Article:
Monday, August 02, 2010

A great LEP forward? Or backwards?

Following the election, the Conservatives set about dismantling bits of the state established by the Labour government. In particular, all aspects of regionalism were sent to the scaffold - Government Office of the West Midlands, most of Business Link, the Regional Spatial Strategy all ended up on the funeral pyre. Most controversially, Advantage West Midlands joined the rest of the Regional Development Agencies in the queue for abolition, with the clock ticking away to final closure in 2012. The axe fell despite a hugely positive report from the National Audit Office, indicating that AWM's activities generate £8.14 for each £1 spent by the agency.

Of course, there are functions of the RDA that need to continue and even as Vince Cable did the dirty work dispatching AWM, they are to be replaced with Local Enterprise Partnerships, which are run by businesses and the local authorities, with the commercial sector providing the chair. Curiously, for a localist agenda, the workstreams on innovation and skills are being removed from the region and centralised in Whitehall, a short-sighted view that restricts the ability of the regional partnerships to influence key drivers for the future.

So, rather than a single organisation with a unified vision across the entire region, we will be left with a number of disparate units, bidding for funding from a national pool. The current proposals seem to indicate that there will be six LEPs across the region. Coventry and Warwickshire will form one, with Herefordshire, Shropshire, Telford and the Wrekin making up a second and both of those make some sense in terms of their size and industrial and political makeup. Staffordshire is slated to form a third, although the local authorities are in discussion as to whether North and South would be better off as separate LEPs - an unwise move. Worcestershire is under the impression that it can go it alone as a LEP, rather than doing the sensible thing and joining with the western rural arc of counties. Worst of all, though, the local authorities in the Black Country don't want to join a LEP with Birmingham and Solihull, fearful that Birmingham would abuse its power and take control of the partnership. This was always likely to be a problem in the Midlands, because of the unique issues with the size of the City of Birmingham, but the councils need their heads banging together, as this should be one region and dividing it will weaken both sides, given the interdependency of these sub-regional economies. Given that the LEPs are supposed to be led by business, the time has come for business to genuinely take a lead and form a single Birmingham, Solihull and Black Country LEP, daring the local authorities not to get involved.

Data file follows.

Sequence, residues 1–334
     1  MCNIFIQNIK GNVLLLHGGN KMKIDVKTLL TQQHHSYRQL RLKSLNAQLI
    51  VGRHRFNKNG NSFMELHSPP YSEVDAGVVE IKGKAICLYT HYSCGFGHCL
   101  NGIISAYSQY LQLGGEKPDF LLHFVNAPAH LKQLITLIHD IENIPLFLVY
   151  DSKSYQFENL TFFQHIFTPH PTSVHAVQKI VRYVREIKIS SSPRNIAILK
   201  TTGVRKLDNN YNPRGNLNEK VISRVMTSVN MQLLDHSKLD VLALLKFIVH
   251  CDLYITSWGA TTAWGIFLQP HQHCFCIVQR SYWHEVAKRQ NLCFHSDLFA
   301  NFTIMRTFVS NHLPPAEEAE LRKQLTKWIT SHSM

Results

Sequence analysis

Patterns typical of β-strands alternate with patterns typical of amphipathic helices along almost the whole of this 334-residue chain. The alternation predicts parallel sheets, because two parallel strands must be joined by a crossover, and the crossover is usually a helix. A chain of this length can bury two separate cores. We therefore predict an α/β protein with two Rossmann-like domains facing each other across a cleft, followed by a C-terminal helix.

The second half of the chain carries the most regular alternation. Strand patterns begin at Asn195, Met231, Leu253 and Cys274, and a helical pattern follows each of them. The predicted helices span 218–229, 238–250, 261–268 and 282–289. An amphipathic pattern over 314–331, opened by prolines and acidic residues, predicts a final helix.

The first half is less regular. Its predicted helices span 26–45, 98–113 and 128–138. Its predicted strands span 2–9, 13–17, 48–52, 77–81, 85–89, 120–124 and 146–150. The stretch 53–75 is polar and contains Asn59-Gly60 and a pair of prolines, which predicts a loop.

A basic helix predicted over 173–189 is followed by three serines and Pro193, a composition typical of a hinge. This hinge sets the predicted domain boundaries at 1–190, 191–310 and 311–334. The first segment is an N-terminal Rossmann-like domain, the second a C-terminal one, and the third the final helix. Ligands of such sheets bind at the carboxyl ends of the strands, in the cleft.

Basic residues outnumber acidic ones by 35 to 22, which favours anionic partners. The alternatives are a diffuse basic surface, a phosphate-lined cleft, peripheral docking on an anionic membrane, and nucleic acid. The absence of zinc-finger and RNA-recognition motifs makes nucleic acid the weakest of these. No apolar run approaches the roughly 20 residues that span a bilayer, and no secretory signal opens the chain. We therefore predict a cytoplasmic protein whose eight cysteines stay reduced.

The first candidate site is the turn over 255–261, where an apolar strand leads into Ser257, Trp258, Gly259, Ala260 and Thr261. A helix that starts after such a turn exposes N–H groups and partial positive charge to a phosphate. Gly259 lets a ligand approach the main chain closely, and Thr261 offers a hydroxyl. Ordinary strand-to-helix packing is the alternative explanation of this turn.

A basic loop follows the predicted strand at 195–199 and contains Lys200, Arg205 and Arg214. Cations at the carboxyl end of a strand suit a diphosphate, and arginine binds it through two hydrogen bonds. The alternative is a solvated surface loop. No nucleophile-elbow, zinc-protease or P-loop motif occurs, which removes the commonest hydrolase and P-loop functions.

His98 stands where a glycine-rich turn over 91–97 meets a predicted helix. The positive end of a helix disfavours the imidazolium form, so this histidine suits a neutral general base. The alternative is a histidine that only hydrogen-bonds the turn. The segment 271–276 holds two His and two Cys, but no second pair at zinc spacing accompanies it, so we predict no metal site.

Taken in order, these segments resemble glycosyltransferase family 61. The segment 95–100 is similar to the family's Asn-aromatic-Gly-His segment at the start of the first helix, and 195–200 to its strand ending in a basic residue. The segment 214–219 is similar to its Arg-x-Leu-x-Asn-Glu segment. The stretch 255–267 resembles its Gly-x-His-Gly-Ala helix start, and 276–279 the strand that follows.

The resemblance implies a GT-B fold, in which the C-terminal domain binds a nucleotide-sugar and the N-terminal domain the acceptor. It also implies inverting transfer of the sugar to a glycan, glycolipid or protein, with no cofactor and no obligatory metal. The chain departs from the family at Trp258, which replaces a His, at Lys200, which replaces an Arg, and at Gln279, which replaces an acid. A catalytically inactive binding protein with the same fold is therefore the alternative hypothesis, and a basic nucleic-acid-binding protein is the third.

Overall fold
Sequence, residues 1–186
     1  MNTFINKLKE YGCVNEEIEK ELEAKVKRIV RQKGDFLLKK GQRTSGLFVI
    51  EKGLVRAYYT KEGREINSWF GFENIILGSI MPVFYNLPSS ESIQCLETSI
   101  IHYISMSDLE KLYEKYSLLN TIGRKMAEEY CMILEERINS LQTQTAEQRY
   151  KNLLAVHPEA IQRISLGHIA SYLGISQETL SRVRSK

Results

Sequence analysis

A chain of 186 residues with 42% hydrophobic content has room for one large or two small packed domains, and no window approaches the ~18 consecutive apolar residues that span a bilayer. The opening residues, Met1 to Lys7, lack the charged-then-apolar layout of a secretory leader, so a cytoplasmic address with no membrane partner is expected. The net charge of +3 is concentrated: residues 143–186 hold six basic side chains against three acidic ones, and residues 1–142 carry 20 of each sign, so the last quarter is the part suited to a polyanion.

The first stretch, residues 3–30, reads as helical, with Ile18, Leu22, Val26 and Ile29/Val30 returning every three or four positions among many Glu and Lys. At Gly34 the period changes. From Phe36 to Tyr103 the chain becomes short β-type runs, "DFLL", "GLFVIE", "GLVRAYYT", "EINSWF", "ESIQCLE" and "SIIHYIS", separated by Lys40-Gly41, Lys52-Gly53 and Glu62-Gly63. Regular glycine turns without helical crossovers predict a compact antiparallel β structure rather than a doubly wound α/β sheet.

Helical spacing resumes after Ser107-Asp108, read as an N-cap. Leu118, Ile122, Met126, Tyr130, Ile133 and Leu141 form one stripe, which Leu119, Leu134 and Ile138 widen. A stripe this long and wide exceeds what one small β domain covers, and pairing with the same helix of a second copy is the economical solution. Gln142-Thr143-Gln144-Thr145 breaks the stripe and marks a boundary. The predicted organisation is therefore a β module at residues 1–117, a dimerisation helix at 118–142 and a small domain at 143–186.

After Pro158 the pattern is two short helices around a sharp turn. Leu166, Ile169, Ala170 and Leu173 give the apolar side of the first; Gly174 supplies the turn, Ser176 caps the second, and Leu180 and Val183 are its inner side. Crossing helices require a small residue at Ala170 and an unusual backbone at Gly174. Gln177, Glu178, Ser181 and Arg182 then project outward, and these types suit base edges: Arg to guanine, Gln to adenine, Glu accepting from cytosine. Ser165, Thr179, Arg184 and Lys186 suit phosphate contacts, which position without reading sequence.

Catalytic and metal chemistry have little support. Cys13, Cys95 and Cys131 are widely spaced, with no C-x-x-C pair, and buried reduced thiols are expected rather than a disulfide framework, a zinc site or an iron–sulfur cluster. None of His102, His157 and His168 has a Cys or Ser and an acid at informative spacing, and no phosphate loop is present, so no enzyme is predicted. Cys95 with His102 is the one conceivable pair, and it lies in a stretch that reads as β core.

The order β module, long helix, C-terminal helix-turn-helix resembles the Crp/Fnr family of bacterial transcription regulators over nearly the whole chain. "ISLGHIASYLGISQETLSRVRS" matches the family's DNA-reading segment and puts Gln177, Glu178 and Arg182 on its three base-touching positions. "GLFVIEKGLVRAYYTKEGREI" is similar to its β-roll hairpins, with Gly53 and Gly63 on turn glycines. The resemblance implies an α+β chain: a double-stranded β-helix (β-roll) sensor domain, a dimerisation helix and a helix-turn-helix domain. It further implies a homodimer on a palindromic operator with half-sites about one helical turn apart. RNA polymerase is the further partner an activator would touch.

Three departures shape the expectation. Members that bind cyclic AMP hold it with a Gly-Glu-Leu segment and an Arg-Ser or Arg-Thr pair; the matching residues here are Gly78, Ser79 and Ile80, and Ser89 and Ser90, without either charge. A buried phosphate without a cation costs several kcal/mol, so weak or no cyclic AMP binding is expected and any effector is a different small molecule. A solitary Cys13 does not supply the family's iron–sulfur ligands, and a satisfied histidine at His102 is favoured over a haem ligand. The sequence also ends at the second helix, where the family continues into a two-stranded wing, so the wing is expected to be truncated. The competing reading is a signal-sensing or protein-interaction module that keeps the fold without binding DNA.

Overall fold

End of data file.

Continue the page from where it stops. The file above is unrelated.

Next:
None of that takes into account the hangover of AWM's assets, worth some £170 million, nor the need to retain the knowledge and skills of the West Midlands Regional Observatory, a treasure trove of useful economic data. There needs to be a legacy regional organisation to handle these assets and maintain the regional services. Additionally, the European Union likes to work at a regional level, not national or sub-regional, so some sort of regional co-ordinating body will have to exist to liaise on that level. I fully expect the LEPs to resolve themselves down from six to three or four over a couple of years and it will only be a matter of time before the idea of a regional organisation returns to prominence.

Central government has been exceptionally unclear as to what they want from the LEPs, which is helpful, as they are expecting firm expressions of interest placed by the start of September. It has to be said, that the LEPs won't fully replace the RDAs until 2012, so there is still time to iron these things out, but the middle of a recession is hardly the best time to reform the system, leaving eighteen months to two years with confusion over responsibilities and legacies. Yet again, we find ourselves in the middle of an experiment by the coalition government and yet again, it is the workers of the Midlands who are the guinea pigs. Ironically, they are the ones unrepresented on the LEPs. If this doesn't work, then we're all going to suffer.

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